Natural selection is often mistakenly thought to favor survival of the species. But germ line survival is in reality the most important factor in the survival of peoples and societies. In his poem, 'In Memoriam,' Tennyson wrote of Mother Nature, 'So careful of the type she seems, so careless of the single life...' But this view inverts cause and effect. Selection favors germ lines that win the competition for life and reproduction. Competition among germ lines - a competition often bloody in its workings - defines the character of succeeding generations. Species survive only because the genes that define them survive.


As important as the principle of kin altruism is, there is another contributor that provides a powerful explanation for not only why the world of humans is the way it is, but why it must remain that way if historic peoples, societies and cultures are to survive. This additional factor is closely related to kin altruism but takes into account the additional consideration that humans gather in societies rather than live as solitary, atomized individuals.

To understand how kin altruism, germ line survival and mankind's social nature have shaped humanity, one must examine how humans arose during prehistoric times - a time when embryonic human societies were necessarily tribal in nature. The pioneering work in this area was done by Arthur Keith, R.D. Alexander and Robert Bigelow. Hardin writes

'Their model is tribalistic; selection distinguishes not so much between individuals as it does between tribes. �The essential characteristic of a tribe is that it should follow a double standard of morality-one kind of behavior for in-group relations, another for out- group.' The model is also a highly sanguinary one; it assumes that conflict between tribes was often resolved by the extermination of the loser.'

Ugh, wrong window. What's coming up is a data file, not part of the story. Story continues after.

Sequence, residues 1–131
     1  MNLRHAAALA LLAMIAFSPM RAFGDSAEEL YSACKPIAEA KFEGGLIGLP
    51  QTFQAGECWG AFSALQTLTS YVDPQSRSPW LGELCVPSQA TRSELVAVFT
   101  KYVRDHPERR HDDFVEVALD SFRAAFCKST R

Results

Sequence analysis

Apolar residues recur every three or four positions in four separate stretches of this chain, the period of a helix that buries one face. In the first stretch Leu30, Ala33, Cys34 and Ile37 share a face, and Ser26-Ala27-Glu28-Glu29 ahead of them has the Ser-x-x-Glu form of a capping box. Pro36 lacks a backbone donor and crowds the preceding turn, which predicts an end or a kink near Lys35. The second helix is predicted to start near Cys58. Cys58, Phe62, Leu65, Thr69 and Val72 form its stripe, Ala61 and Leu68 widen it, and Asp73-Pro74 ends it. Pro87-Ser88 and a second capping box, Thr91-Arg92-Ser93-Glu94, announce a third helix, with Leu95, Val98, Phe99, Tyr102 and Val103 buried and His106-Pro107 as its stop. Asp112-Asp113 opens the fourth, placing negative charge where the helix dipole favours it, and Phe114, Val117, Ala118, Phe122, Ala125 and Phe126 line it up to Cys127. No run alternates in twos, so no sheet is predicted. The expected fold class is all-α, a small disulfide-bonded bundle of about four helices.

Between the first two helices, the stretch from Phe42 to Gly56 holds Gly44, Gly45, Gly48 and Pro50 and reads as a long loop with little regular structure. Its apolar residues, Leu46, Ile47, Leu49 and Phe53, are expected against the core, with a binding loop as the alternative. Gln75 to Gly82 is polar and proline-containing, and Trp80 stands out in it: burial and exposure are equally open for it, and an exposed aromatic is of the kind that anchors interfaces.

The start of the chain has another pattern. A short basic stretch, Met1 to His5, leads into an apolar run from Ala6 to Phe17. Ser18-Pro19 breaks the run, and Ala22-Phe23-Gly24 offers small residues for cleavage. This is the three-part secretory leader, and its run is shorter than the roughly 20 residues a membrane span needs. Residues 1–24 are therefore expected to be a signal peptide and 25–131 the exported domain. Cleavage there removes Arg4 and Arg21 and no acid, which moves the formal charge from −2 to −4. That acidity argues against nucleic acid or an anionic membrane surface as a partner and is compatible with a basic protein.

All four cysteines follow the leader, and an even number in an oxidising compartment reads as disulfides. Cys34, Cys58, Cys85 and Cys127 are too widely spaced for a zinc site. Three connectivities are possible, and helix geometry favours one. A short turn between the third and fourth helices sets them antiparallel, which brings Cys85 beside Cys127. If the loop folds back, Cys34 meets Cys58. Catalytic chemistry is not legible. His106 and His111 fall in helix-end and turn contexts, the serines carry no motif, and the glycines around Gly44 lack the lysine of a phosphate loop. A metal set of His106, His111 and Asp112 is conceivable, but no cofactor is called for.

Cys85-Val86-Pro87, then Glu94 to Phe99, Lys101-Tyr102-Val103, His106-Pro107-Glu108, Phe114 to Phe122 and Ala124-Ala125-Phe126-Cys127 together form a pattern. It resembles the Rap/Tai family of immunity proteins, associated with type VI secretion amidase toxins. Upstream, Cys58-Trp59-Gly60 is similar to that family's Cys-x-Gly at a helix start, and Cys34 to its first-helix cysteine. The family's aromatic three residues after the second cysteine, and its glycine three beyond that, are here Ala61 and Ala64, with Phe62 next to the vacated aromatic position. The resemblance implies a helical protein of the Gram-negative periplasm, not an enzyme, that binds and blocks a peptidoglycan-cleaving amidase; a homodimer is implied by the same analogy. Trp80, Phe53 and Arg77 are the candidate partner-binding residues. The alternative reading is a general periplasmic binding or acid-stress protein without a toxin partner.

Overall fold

The tribal nature of early human societies - characterized by a high percentage of shared genes - helped forge the fundamental character of modern humans. In order for tribal groups to survive, members of the tribe had to cooperate closely with each other while repelling the depredations of other tribes. They necessarily maintained a different standard of conduct toward those within the group than toward outsiders. In short, they discriminated against outsiders. It is this dual code of morality that created the human race in all its 'diverse' forms. Although Prof. Hardin does not emphasize the point - perhaps in deference to political correctness - little has changed. Outsiders are no different that they ever were; they are the genetically distant members of other ethnic groups.

'Tribal fitness rests on a bipolar virtue cooperation with tribal brothers coupled with antagonism toward all others. Altruism is selected for, but it is strictly tribal altruism. Until about ten thousand years ago hunting and gathering was the only mode of existence and tribes were small; genetic relations among the members made kin altruism an important selective factor, for the members of a small tribe would possess a considerable degree of genetic relationship.'